592 F.2d 1237
100 L.R.R.M. (BNA) 2853, 85 Lab.Cas. P 11,138
J. P. STEVENS & CO., INC., Petitioner,
NATIONAL LABOR RELATIONS BOARD, Respondent.
United States Court of Appeals,
Submitted Jan. 25, 1979.
Decided Feb. 27, 1979.
Homer L. Deakins, Jr., Ogletree, Deakins, Smoak & Stewart, Greenville, S.C., for petitioner.
Elliott Moore, Deputy Associate Gen. Counsel, Washington, D.C., for respondent.
Jonathan R. Harkavy, Smith, Patterson, Follin, Curtis, James & Harkavy, Greensboro, N.C., for Amalgamated Clothing and Textile Workers Union.
Before BUTZNER, WIDENER and HALL, Circuit Judges.
On December 13, 1978, the Amalgamated Clothing and Textile Workers Union filed a petition for review of an order entered by the National Labor Relations Board with the United States Court of Appeals for the Second Circuit. On December 14, 1978, J. P. Stevens & Co., Inc., filed in this court a petition for review of the same order. The parties question which court is the proper forum for review.
Section 10(f) of the National Labor Relations Act, as amended, 29 U.S.C. § 160(f), grants a right of review to any party aggrieved by a final order of the Board. The process of review is initiated by the filing of a petition with the circuit court of appeals in the circuit where the unfair labor practice in question is alleged to have taken place or where the party resides or transacts business, or with the United States Court of Appeals for the District of Columbia. Review of administrative orders is governed by 28 U.S.C. § 2112(a) which provides that:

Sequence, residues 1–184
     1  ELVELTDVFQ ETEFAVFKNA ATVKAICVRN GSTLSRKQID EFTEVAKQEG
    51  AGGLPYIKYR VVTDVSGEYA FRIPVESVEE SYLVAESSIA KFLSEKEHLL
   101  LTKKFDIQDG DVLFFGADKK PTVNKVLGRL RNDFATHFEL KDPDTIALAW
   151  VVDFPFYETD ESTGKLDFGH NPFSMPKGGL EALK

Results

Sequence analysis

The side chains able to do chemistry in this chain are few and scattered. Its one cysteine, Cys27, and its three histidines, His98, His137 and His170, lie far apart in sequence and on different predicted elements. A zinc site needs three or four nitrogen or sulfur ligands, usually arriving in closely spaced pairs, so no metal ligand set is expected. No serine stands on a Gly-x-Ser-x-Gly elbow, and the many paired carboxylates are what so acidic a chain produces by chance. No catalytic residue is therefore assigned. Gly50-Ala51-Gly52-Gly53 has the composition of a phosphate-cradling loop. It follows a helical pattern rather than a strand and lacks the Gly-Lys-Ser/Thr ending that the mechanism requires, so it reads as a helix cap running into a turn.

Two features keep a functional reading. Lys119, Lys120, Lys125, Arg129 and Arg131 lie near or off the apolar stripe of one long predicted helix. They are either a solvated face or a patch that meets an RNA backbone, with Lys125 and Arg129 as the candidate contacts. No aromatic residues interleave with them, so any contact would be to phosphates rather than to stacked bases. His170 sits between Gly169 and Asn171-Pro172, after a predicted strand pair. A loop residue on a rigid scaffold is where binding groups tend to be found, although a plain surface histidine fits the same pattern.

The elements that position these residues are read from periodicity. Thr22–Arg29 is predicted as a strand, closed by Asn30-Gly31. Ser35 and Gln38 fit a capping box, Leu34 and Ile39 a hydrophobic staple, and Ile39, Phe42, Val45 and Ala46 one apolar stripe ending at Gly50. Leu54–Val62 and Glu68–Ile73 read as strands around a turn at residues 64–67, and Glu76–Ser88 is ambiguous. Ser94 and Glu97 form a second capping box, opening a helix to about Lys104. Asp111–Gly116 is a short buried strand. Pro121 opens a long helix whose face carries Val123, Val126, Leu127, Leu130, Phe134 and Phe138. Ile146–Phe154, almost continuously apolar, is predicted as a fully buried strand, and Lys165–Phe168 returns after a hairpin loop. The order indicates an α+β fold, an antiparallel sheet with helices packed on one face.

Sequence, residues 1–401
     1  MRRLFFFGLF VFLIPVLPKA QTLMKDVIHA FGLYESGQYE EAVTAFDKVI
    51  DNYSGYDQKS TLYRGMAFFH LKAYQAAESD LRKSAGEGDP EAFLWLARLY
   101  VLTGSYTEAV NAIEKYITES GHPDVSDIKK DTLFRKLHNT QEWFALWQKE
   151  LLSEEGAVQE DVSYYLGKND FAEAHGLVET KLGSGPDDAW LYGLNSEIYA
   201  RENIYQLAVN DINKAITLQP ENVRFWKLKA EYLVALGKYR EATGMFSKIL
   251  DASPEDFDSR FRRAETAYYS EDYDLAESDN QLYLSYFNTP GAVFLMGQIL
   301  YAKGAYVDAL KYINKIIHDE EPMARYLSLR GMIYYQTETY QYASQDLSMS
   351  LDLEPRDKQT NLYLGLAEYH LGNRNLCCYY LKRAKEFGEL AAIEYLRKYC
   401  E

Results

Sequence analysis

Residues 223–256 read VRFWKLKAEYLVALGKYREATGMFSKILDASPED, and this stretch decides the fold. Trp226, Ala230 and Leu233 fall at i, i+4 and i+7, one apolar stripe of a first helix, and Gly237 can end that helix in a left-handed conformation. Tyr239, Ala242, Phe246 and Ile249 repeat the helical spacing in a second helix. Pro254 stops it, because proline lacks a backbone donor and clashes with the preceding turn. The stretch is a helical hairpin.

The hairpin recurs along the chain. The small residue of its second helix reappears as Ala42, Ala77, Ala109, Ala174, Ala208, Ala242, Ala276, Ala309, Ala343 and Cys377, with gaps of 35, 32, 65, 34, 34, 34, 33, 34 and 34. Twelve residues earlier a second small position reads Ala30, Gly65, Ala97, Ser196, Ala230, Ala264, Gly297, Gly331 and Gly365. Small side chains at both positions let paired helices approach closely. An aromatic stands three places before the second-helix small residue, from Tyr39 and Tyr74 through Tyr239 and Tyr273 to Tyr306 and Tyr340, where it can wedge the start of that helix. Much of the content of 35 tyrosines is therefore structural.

If proceedings have been instituted in two or more courts of appeals with respect to the same order the agency, board, commission, or officer concerned shall file the record in that one of such courts in which a proceeding with respect to such order was first instituted. The other courts in which such proceedings are pending shall thereupon transfer them to the court of appeals in which the record has been filed. For the convenience of the parties in the interest of justice such court may thereafter transfer all the proceedings with respect to such order to any other court of appeals.
Stevens contends that the Union filed its petition with the Second Circuit prematurely and that the Union's filing was therefore invalid. The company urges us to consider its petition to be the "first instituted" proceeding within the meaning of § 2112(a).
Stevens has asked the court to compel discovery against both the Board and the Union in order that facts bearing on the jurisdiction of the court may be ascertained. Meanwhile, the Board has filed a certified list of record materials with the Second Circuit in accordance with the directive of § 2112(a) and has moved the court to transfer the instant review petition to the Second Circuit. Finally, the Union has moved the court for leave to intervene in support of the Board's motion for transfer. During the pendency of these motions, the Board has supplied most of the information sought by Stevens in its motion to compel discovery. The company has therefore withdrawn its motion with respect to the Board.
The information furnished by the Board concerning notice to the parties of its decision raises serious questions regarding the priority of the Union's petition. The consensus among those courts that have considered the question, however, is that the court of first filing should determine the validity of the petition filed in that court. Industrial Union Dept. v. Bingham, 187 U.S.App.D.C. 56, 59, 570 F.2d 965, 968 n. 4 (1977). Any other rule would create a risk of unseemly conflicts between courts should two or more circuits examine the question of which proceeding was first instituted and should they reach different conclusions. See Chatham Mfg. Co. v. NLRB, 404 F.2d 1116, 1118 (4th Cir. 1968). If the Second Circuit determines that the petition filed with it is invalid or if it otherwise decides that "(f)or the convenience of the parties in the interest of justice" the matter should be transferred, it is empowered under § 2112(a) to transfer the proceedings back to this court.
Accordingly, we transfer these proceedings, including the motions filed by the parties, to the Second Circuit.